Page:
“The news largely reports itself now, at least so far as new happenings go. Where journalism was once necessary for raw information flow, we have no real dependence there anymore. If every reporter in the US called in sick tomorrow, we’d still know the weather and who won the game and how Congress voted. And if anyone cared to learn about compositional shifts in the auto market, GM and Ford would make sure their self-serving PR updates were readily available. Of course, this doesn’t mean we need journalism less now. Quite the opposite! But if its job is to help us make informed decisions relative to a world without journalism, it has to do something new now — something other than what can be accomplished by bots.”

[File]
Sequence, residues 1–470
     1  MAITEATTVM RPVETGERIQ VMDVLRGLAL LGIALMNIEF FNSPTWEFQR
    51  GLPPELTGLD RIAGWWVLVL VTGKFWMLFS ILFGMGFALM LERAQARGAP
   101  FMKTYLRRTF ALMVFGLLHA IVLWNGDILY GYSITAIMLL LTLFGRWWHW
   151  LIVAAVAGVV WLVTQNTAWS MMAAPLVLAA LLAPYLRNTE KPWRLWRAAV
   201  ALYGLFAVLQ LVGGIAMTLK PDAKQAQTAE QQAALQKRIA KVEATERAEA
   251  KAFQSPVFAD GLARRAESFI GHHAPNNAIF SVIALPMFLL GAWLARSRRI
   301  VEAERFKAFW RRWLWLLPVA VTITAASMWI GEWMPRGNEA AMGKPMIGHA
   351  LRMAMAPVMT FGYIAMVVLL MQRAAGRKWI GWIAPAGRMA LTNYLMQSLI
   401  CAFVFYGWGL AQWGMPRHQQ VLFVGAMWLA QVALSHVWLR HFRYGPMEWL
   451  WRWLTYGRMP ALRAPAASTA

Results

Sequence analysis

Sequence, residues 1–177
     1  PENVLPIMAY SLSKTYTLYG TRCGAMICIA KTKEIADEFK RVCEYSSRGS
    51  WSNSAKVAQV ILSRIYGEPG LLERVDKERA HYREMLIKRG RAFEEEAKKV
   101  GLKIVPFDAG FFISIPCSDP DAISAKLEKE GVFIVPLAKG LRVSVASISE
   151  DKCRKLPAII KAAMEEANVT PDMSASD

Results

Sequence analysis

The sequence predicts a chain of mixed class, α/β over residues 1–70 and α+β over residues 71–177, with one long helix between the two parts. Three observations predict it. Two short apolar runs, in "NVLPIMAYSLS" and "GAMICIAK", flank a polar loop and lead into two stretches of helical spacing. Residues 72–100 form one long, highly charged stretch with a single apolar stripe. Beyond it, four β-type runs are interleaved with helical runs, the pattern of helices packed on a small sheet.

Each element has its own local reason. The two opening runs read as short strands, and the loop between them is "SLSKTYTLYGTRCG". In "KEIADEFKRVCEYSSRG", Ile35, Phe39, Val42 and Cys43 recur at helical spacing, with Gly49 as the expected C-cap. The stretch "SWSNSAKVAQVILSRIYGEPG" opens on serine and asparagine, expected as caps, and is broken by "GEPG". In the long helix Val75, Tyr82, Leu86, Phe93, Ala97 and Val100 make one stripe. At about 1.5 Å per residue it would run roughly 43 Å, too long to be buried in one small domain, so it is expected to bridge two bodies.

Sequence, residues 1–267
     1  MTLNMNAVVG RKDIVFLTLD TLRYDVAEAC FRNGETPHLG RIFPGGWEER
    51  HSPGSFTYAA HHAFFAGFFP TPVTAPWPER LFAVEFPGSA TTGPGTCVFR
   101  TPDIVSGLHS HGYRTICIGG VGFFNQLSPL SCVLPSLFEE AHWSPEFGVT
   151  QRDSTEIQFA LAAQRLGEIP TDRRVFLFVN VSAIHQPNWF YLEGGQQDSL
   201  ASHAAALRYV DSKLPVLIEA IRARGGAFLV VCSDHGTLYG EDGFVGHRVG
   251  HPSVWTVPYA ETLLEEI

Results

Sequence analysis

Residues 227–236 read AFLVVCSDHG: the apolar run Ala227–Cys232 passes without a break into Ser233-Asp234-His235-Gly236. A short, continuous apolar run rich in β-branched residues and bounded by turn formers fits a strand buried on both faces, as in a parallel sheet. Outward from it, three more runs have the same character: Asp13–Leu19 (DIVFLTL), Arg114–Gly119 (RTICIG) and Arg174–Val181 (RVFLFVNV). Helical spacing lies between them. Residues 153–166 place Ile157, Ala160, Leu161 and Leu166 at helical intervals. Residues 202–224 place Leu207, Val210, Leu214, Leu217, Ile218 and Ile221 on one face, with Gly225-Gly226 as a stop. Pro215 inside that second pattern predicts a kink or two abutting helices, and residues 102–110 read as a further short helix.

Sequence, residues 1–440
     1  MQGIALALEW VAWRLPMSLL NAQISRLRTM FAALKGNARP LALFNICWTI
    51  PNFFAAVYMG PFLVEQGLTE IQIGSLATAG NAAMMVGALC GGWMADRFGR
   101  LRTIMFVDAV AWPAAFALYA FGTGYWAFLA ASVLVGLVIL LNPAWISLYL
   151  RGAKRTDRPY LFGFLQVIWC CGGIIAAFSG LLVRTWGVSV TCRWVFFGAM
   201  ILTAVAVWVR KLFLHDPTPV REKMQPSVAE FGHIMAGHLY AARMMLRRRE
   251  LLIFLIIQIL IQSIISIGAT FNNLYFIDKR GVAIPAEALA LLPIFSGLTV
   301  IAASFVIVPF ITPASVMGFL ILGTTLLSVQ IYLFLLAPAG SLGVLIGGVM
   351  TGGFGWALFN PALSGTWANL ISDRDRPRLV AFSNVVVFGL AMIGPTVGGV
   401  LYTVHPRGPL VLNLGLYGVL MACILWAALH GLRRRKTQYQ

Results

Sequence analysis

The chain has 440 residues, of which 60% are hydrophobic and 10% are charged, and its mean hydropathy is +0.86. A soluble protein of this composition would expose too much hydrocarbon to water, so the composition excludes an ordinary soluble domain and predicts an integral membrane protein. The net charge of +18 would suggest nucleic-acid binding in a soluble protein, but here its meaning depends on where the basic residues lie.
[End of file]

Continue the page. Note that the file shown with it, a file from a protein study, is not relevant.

This information should not be considered a recommendation to purchase or sell any particular security. It should not be assumed that any of the investments or strategies referenced were or will be profitable, or that investment recommendations or decisions we make in the future will be profitable. This article contains links to 3rd party websites and is used for informational purposes only. This does not constitute as an endorsement of any kind. While Nightview uses sources it considers to be reliable, no guarantee is made regarding the accuracy of information or data provided by third-party sources. Nightview Capital Management, LLC (Nightview Capital) is an independent investment adviser registered under the Investment Advisers Act of 1940, as amended. Registration does not imply a certain level of skill or training. More information about Nightview Capital including our investment strategies and objectives can be found in our ADV Part 2, which is available upon request.